Renovate for maximum ROI with these top projects As a contractor and real estate expert, homeowners often look to me to provide advice on the best projects for their renovation dollars. While it's important to first consider the purpose of the renovation (is it for yourself, for resale, or as part of an income-generating suite?), there are some renovations that have proven to be reliable investments over time. Some of these include: Kitchens and bathrooms. Renovations here top the list. High-end finishes, like marble and quartz countertops and stainless steel or commercial grade appliances, are greatly coveted. Clever storage is desirable, along with home automation––a new and growing trend. Bathrooms. This one is simple. The hottest bathrooms right now aim to replicate a spa-like experience. From colour and accessories to scents and lighting, transforming this room into a relaxation haven will maximize its appeal. Basements. Basement renovations are among the best ways to gain space without going the route of a costly addition, but the key is doing it right. Address moisture issues first and hire professionals for plumbing, electrical and mechanical work. Insulate with a water-repellant insulation made from inorganic materials to improve energy efficiency, and then focus on the finishes. Insulation. Installing, topping up, or replacing insulation is one of the most cost-effective ways to increase energy efficiency and save money over the life of your home. For exterior walls, basements headers, cathedral ceilings, and attics, I recommend a product called Roxul Comfortbatt stone wool insulation for exceptional thermal performance. For interior walls and between floors, I'm a big fan of Roxul Safe 'n' Sound for its excellent sound dampening qualities. Both products are fire resistant up to 1,177˚C, resistant to mould and mildew, and Greenguard certified to the highest level for air quality. Smaller fixes. Know that you don't have to spend a lot of money to realize a good return. Can't afford a full-out kitchen or bathroom reno? Consider painting walls and cabinets, replacing outdated hardware or fixtures, and installing new lighting for an impactful refresh. When it comes to living spaces, it's amazing what a splash of colour, some new flooring, carefully selected accessories and strategic lighting can do for the look and feel of a room. Save a little extra by doing it yourself. With a positive attitude and some elbow grease, you can make a big difference with projects that require low to moderate know-how. Scott McGillivray is the award-winning TV host of the hit series Income Property on HGTV Canada, a full-time real estate investor, contractor, author, and educator. Follow him on Twitter @smcgillivray.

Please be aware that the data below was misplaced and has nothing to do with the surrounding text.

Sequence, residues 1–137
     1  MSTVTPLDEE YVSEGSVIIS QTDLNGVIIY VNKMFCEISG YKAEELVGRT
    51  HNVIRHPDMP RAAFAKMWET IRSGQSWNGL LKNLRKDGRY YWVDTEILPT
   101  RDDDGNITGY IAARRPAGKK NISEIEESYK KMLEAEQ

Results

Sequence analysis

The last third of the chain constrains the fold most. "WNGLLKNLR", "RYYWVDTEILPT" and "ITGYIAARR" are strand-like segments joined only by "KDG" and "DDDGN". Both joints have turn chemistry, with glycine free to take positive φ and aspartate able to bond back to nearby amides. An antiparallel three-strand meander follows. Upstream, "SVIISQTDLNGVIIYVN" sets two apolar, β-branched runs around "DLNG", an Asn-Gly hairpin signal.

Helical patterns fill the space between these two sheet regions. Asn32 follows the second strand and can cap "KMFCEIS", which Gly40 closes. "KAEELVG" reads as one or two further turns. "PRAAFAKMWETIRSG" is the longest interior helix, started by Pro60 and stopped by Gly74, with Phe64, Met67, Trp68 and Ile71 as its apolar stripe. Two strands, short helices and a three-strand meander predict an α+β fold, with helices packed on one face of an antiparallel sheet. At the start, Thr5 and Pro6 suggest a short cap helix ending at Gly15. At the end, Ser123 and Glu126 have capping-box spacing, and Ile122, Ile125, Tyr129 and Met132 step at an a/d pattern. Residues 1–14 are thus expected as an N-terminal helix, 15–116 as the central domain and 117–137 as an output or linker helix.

newscanada.com